On the heels of election victory; both Scott Morrison and re-elected Indonesian President Jokowi ‘Joko’ Widodo, have expressed an intention to strengthen Australian-Indonesian relations. This commitment comes after both states signed the Indonesia-Australia comprehensive Economic Partnership Agreement (IA-CEPA) in March. Despite the IA-CEPA signed months ago and both leaders expressing a commitment to strengthening relations, the Australia-Indonesian economic partnership has not progressed since. This prompts us to ask; what is preventing these two neighbouring states from forging a stronger economic relationship?
Over the last few decades the relationship between Indonesia and Australia has been fickle, plagued with diplomatic in-fighting, blame-casting and egotistical stubbornness. In the last five years alone Australia has accused Indonesia of not doing enough to stop people smugglers, been caught spying on Indonesian government personnel and late last year, prompted further tensions by floating the idea of recognising Jerusalem as the capital as Israel. Consequently, Indonesia has accused Australia of not respecting their sovereignty. These fights and disagreements have evidently taken a toll on economic relations.
As of 2019 neither state is in the top ten trading partners of the other. Which, considering the geographic proximity of Australia and Indonesia, their expressed commitment to free trade, democracy and South East Asian cooperation, is insane. Something is preventing the relationship from progressing from cordial but fickle neighbours.
On the surface, it appears Indonesia and Australia have simply allowed bilateral disagreements to disrupt any real progress towards stronger economic relations. However, the deep-seated reality is that economic relations between Australia and Indonesia will never reach their full potential until Australia (and Australians themselves) change their attitudes toward Indonesia.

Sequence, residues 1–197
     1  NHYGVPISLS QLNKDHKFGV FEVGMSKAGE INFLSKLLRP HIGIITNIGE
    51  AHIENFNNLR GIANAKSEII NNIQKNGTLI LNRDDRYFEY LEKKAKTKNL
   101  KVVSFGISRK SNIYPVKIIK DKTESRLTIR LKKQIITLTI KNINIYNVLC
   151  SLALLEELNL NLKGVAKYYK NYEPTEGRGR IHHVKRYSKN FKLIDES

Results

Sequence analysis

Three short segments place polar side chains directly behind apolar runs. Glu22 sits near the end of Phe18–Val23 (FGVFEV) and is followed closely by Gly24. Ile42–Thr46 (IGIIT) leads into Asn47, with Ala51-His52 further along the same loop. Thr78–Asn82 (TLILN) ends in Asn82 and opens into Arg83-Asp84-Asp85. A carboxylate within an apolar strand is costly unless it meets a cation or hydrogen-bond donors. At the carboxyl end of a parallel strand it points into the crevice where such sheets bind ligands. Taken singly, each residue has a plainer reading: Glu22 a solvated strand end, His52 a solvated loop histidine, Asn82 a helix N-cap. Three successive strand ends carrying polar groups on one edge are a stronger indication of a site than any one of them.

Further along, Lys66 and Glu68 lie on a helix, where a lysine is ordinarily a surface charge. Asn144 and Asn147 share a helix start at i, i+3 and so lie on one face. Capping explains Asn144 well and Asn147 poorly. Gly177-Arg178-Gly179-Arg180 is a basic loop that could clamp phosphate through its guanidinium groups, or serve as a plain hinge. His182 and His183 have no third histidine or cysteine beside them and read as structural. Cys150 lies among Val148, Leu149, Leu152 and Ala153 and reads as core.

Indonesia is a rapidly growing economy. It is estimated that the Indonesian economy will grow to the size of Australia’s by 2025 and surpass Australia’s by 2040, should their growth continue at its current rate. However, to Australians, Indonesia remains the poor neighbour that is reliant on Australian aid and tourism dollars to survive.
Australians continue to view ourselves as the wealthier, white power in South East Asian region, and we approach economic relations with Indonesia with this mentality. However, this is not the reality of the dynamic between the states anymore. Despite millions of Australians travelling to Bali every year, the Australian population have little understanding of Indonesia as a country, ally and rising economic power. According to the Lowy Institute less than 1/3 of Australians are even aware that Indonesia is a democracy and only 62% of Australians believe Indonesia is an important economy for Australia. Our failure to learn anything about our close neighbour, beyond the best Bali bars and beaches, shows an evident disregard for Indonesia as a significant diplomatic and economy player in the South East Asian region.
As long as we continue to approach dealings with Indonesia with this egotistical approach and false mentality, the relationship will never reach its full potential. Indonesia does not need us to achieve economic growth, and they are aware of this fact. Unless Australia changes its approach, we will miss an opportunity to reap the benefits of Indonesia’s rapid economic rise. As Paul Keating said in his famous 1994 speech; ‘no country is more important’, we must echo the urgings of Keating in our approach to Foreign Policy and strengthen relations with Indonesia; starting by ratifying the IA-CEPA.
Grace Anderson, Australian Foreign Policy Fellow.